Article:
Molarity Classic: 465-469

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Author: Michael Molinelli '82

Campus security here. Asking you to, ah, take a bite outta crime.

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465. The “popcorn abuse” series became a running gag popular enough in certain Notre Dame circles. It stemmed from my own addiction to popcorn. Even today, I do a little popping recreationally. OK, more than a little, but I can quit any time I want to.

 

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466. An Associated Press story in The Observer noted that a dairy surplus held 200 million pounds of government cheese and other products in the limestone tunnels beneath Kansas City. The U.S. government would eventually give away these products through social welfare programs. “Government cheese” became a reference to the welfare state.

 

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467. Personal ad in The Observer: “From the GUY IN THE FULL-LENGTH ARMY COAT to the GIRL IN THE REDDISH SWEATER that I met Thurs around midnight between Flanner and PW I’d like to see you again!!! Call Ed at 8902 after 11.” Without social media we were in the dark ages.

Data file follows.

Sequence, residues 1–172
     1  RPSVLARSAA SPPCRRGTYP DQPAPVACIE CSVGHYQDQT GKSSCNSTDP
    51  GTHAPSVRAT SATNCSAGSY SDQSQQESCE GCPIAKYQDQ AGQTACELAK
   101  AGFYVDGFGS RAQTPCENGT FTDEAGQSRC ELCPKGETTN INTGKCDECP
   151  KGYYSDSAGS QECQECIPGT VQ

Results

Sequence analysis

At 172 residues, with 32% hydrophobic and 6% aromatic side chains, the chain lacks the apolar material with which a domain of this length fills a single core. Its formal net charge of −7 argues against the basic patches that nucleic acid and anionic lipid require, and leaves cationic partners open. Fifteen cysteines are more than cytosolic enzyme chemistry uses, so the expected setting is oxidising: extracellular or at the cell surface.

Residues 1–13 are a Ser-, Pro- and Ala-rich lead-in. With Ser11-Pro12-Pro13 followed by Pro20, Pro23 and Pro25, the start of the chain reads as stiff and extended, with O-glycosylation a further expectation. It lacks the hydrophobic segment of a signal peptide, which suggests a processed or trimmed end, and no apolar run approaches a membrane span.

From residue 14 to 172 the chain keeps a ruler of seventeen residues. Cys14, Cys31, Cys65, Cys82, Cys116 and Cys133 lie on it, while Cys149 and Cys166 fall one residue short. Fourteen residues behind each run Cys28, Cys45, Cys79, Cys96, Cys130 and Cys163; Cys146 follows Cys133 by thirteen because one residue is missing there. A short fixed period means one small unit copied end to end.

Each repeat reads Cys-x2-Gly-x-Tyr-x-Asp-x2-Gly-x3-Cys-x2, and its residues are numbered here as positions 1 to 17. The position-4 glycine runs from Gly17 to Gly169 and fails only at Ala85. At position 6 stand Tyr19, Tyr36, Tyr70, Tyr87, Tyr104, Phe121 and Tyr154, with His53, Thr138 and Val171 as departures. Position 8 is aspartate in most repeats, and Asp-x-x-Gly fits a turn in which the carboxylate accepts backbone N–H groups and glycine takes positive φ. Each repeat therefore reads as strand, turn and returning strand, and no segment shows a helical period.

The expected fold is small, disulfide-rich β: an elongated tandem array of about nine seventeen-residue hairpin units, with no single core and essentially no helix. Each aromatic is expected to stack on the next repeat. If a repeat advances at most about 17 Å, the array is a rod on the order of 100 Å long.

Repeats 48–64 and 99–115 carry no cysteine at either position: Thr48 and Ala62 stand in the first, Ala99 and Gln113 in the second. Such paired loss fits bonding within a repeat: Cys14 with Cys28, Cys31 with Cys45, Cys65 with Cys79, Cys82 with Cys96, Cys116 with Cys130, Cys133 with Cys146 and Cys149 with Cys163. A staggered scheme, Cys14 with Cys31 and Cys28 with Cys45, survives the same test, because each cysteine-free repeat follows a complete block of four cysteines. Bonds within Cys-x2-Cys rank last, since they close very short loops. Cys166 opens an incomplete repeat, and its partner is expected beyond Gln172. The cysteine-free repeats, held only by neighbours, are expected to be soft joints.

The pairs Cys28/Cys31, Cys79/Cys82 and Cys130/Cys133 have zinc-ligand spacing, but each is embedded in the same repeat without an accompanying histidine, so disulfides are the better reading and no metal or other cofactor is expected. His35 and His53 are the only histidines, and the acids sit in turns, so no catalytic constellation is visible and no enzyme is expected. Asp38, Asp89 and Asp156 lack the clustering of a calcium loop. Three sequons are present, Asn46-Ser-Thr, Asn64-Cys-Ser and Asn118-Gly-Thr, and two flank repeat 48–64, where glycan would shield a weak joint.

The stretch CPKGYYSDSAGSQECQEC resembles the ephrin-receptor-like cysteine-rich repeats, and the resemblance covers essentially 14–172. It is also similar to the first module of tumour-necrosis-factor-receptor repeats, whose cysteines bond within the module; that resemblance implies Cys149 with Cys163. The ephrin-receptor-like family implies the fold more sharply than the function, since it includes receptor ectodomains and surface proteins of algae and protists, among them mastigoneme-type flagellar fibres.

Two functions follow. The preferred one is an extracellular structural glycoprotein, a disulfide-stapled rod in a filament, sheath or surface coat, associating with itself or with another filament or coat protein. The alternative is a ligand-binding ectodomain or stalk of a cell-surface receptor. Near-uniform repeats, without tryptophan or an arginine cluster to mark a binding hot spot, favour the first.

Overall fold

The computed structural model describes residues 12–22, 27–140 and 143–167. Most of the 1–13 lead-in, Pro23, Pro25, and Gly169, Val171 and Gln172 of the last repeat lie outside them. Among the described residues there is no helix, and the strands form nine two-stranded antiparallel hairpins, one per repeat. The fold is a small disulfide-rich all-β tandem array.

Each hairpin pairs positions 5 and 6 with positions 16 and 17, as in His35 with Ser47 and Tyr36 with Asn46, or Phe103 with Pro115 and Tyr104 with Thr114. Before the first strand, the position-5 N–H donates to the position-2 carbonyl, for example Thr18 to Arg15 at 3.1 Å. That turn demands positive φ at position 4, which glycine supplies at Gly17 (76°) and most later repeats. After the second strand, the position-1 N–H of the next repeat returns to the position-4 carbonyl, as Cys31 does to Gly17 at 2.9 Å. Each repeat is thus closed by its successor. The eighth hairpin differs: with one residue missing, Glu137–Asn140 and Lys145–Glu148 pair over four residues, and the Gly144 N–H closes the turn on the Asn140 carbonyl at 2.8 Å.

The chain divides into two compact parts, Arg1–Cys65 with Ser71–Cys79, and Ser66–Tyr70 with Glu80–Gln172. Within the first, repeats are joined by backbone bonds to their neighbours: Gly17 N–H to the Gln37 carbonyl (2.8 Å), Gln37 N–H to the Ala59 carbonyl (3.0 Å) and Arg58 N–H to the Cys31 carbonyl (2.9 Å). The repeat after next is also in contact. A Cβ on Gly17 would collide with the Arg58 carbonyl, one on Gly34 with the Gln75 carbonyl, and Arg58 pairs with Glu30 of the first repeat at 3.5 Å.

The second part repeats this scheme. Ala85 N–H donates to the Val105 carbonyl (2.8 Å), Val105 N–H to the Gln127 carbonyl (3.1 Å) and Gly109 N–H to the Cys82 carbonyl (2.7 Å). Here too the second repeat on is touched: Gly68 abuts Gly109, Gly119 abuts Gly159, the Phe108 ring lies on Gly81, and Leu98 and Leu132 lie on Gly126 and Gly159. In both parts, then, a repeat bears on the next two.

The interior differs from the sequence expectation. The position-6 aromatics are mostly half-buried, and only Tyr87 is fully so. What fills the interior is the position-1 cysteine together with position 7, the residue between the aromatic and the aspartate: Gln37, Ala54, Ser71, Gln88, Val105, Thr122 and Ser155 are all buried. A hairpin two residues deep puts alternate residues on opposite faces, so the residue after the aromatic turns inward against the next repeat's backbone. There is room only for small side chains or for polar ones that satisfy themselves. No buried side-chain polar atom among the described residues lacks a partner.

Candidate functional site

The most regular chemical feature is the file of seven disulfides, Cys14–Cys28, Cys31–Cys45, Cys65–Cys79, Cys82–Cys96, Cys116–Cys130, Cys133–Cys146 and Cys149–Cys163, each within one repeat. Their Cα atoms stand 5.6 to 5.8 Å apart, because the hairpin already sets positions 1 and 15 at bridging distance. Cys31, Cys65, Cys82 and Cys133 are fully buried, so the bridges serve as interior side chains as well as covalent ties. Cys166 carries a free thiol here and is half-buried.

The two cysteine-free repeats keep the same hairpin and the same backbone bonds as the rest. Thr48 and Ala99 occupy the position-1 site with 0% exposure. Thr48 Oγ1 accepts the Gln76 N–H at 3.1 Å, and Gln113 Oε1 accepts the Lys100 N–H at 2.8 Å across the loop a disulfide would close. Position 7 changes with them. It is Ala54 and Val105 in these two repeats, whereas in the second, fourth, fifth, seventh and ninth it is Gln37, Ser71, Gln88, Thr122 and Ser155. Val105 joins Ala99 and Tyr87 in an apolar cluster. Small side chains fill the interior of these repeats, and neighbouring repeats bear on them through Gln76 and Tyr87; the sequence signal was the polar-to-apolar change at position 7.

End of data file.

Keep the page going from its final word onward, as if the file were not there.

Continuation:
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468. The University was celebrating the 50th anniversary of Father Nieuwland’s development of neoprene. Records for sale at Boogie Record Store in Mishawaka include The Go-Go’s Beauty and the Beat; Joe Jackson’s Jumpin Jive and The Carpenters’ Made in America.

 

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469. An Inside Friday column by editor Mary Fran Callahan ’83 reviewed new technology with terms strange to we the readers. The list of technologies included “discs” on which all university records would be stored; a “word processor” on which Jimmy Carter was writing his memoir; and information about the proliferation of VCRs. The article also noted an AT&T and CBS partnership to make news stories electronically available over phone lines, which threatened to put newspapers out of business.

 


See the first five classic strips. Buy the book with all 581 original cartoons: MOLARITY: The Compleat Molarity is available at the Hammes Notre Dame Bookstore and Amazon.com. Check back monthly for more classic Molarity strips. Molarity Redux, the updated, continuing adventures of Jim Mole and friends, also is posted monthly. For those new strips, check out the cartoon archives.


 

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